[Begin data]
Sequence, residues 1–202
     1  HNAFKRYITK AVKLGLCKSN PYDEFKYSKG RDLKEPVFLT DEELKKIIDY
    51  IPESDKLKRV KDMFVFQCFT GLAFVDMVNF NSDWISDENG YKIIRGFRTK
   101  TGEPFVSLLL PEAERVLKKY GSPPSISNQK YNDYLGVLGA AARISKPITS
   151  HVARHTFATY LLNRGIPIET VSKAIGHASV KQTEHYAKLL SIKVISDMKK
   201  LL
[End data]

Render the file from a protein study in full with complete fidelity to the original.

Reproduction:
Sequence, residues 1–202
     1  HNAFKRYITK AVKLGLCKSN PYDEFKYSKG RDLKEPVFLT DEELKKIIDY
    51  IPESDKLKRV KDMFVFQCFT GLAFVDMVNF NSDWISDENG YKIIRGFRTK
   101  TGEPFVSLLL PEAERVLKKY GSPPSISNQK YNDYLGVLGA AARISKPITS
   151  HVARHTFATY LLNRGIPIET VSKAIGHASV KQTEHYAKLL SIKVISDMKK
   201  LL